The first step in denitrification—NO3− reduction to NO2−—can be catalyzed by nitrate reductases. The metagenomes in the blue hole were enriched in the narG gene, which encodes respiratory nitrate reductase, and the napA gene, which encodes periplasmic nitrate reductase at 90 m, accounting for 10.3% and 102.3% of prokaryotic community, respectively (Fig. 5a,b). This corresponded well with a reduction in NO3− concentration and the SNM at 90 m (Fig. 6d,g), implying NO3− reduction activity. More than 100% of the prokaryotic community contained the napA gene, implying multiple copies per genome in some members. At 90 m, the narG sequences primarily matched α-Proteobacteria, as well as γ-Proteobacteria (Enterobacteriaceae and a thioautotrophic gill symbiont of Bathymodiolus septemdierum). The proportion of narG gene was much higher at 150 m and 300 m than at 90 m, Alteromonadales and unclassified bacteria contributed to the high abundance, however, the capacity for these populations to perform NO3− reduction under trace NO3− and NO2− conditions is unknown. The napA gene sequences primarily matched γ-Proteobacteria (Aeromonas hydrophila, Thiolapillus, endosymbionts from an unidentified scaly snail isolate Monju, and Candidatus Thioglobus sp. EF1), ß-Proteobacteria (Sulfuricella denitrificans and Burkholderia xenovorans), and ε-Proteobacterial genus Arcobacter. In addition, napA gene from Alteromonas macleodii accounted for up to half of all napA gene sequences at 30 m, suggesting that these species might be responsible for the PMN formation (Fig. 5b).
Genes that could accomplish other steps of denitrification were identified from a consortium of diverse members, indicating a high genomic potential for complete denitrification to N2 in the blue hole. These denitrification genes encoded copper-containing nitrite reductase (nirK), iron-containing nitrite reductase (nirS), nitric oxide reductase (norB), and nitrous oxide reductase (nosZ), but were not detected at high frequencies in comparison to narG and napA. NO2− reduction to NO is mediated by nirK/nirS, and the greatest number of nirK gene was detected at 90 m, where it was present in ∼16% of the prokaryotic community (Fig. 5c). Marine Group I Thaumarchaeota was the dominant nirK-containing population. The nirS gene was present in a lower percentage of the community than nirK, but were also most abundant at 90 m (4.5%) (Fig. 5d). NO reduction to N2O is mediated by norB, which was affiliated with γ- and ε-Proteobacteria in this study, achieving two maxima at 90 m and 150 m, respectively (Fig. 5e). N2 production from N2O is mediated by nosZ gene, which peaked at 90 m and 300 m in abundance (Fig. 5f). The Rhodospirillaceae-related nosZ was abundant at 90 m, corresponding well to the upper nosZ maximum, and Flavobacteriaceae-related nosZ was abundant at 300 m. Flavobacterial nosZ was also detected in marine O2-deficient zones in the ETNP64. N2O produced in shallow water is likely to be released into the atmosphere65. However, the N2O concentration from the surface layer of the blue hole was similar to open sea surface water20, suggesting that a new balance may have been established.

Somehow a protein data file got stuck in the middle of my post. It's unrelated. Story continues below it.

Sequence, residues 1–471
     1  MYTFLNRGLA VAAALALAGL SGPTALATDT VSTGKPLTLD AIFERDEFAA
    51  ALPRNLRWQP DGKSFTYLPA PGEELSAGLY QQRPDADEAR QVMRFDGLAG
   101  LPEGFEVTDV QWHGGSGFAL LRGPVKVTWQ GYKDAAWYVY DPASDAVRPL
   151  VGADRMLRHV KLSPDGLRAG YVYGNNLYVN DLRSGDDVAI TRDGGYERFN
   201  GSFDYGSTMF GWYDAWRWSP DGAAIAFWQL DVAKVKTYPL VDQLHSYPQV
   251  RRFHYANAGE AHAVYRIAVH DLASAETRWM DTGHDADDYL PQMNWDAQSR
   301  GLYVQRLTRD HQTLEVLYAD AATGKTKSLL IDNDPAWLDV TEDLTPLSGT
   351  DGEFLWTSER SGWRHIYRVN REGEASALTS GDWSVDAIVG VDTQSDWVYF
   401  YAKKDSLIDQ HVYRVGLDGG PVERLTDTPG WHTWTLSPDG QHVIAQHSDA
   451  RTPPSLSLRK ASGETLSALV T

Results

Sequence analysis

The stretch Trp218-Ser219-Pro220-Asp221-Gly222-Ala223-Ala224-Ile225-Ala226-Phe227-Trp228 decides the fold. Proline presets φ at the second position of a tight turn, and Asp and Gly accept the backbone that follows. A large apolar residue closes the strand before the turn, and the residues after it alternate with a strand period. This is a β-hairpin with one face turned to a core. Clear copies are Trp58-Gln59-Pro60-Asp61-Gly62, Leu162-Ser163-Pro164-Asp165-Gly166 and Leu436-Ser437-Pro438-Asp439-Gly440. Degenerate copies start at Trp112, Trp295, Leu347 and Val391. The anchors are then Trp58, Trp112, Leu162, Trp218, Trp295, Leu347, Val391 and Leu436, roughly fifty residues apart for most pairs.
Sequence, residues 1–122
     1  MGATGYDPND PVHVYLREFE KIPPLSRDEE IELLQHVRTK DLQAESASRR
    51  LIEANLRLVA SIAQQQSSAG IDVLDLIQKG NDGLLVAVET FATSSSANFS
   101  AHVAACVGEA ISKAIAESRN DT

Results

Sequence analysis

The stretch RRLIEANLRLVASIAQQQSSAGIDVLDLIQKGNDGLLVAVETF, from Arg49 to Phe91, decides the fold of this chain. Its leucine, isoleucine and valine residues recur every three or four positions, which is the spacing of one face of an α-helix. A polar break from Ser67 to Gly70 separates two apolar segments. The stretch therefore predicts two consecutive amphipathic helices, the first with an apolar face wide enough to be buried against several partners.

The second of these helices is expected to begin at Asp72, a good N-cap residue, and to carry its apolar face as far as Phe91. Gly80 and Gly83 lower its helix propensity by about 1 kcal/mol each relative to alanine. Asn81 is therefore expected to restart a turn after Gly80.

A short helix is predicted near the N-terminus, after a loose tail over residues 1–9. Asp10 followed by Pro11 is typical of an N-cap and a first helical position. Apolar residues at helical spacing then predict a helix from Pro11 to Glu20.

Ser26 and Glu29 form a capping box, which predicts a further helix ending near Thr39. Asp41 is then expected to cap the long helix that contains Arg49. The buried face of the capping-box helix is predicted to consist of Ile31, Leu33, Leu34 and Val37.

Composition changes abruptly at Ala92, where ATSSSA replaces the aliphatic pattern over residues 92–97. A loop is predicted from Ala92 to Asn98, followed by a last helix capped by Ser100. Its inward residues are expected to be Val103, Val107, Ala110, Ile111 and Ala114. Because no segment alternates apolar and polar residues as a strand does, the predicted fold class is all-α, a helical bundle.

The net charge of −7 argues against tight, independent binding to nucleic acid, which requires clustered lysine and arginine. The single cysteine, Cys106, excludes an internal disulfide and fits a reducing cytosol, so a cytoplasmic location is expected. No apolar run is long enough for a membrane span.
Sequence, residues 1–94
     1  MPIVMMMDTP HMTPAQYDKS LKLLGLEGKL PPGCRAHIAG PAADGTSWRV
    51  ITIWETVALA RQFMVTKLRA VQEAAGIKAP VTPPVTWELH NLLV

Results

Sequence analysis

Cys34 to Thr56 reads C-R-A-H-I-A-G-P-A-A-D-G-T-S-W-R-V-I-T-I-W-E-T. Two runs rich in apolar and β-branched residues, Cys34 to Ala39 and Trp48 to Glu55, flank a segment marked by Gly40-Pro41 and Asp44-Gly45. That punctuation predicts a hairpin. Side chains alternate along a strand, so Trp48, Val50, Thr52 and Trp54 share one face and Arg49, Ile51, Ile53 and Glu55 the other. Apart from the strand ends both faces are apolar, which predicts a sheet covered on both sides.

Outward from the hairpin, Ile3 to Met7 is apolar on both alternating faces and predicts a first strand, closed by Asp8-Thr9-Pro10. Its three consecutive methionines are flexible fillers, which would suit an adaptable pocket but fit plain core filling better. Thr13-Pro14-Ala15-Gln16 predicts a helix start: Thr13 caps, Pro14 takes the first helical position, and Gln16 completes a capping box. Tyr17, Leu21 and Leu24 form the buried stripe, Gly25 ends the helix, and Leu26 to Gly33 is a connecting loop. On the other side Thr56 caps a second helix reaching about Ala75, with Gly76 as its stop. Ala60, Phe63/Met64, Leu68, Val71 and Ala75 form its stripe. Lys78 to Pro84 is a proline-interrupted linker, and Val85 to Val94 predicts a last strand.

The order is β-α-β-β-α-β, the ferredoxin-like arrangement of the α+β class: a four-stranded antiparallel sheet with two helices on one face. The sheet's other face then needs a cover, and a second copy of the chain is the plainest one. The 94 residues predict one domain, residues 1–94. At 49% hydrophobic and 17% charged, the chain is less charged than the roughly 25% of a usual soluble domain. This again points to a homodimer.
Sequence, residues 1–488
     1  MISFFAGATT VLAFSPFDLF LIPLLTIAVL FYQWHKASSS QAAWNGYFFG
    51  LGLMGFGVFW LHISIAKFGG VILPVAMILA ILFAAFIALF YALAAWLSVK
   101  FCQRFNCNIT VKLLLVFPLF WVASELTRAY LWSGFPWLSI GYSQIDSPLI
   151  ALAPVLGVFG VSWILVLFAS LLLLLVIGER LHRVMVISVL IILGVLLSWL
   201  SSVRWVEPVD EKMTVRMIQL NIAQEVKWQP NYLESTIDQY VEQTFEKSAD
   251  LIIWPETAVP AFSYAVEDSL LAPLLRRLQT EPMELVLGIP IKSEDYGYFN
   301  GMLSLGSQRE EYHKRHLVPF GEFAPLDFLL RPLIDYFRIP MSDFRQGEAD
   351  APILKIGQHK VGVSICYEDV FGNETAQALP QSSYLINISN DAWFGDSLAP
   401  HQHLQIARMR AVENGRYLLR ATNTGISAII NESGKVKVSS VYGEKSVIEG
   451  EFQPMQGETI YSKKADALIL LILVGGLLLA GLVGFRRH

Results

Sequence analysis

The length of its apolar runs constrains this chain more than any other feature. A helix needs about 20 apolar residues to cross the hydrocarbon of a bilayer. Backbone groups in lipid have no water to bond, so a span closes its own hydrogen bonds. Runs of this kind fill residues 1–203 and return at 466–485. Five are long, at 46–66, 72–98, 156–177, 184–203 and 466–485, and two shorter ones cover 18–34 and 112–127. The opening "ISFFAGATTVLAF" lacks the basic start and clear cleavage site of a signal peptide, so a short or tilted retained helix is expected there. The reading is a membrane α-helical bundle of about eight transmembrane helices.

Ammonia monooxygenase catalyzes NO2− production via NH4+ oxidation. The amoB gene encoding ammonia monooxygenase was primarily associated with Nitrosopumilus (Thaumarchaeota), reaching a maximum of 10.9% of the prokaryotic community at 90 m in the blue hole (Fig. 5g). This maximum in amoB corresponded well with the SNM and the onset of the NH4+ increase, implying that NO2− accumulation occurs via NH4+ oxidation. The relative abundance of Nitrospina based on 16S rRNA amplicons in the blue hole, increased with depth (0–90 m) and in parallel with NO3− concentration, indicating that the NO2−-oxidizing chemoautotroph might produce the observed NO3− (Figs. 5h and 6d). Nitrospina was also the main driver of NO2− oxidation in the upwelling areas of the Eastern South Pacific, increasing in abundance with depth66,67. However, the nxr gene (encoding a nitrite-oxidizing enzyme, nitrite oxidoreductase) could not be detected in the metagenomes from the blue hole water column, suggesting a low abundance of Nitrospina. The relative abundance of Nitrospina might be overestimated based on measured 16S rRNA amplicons.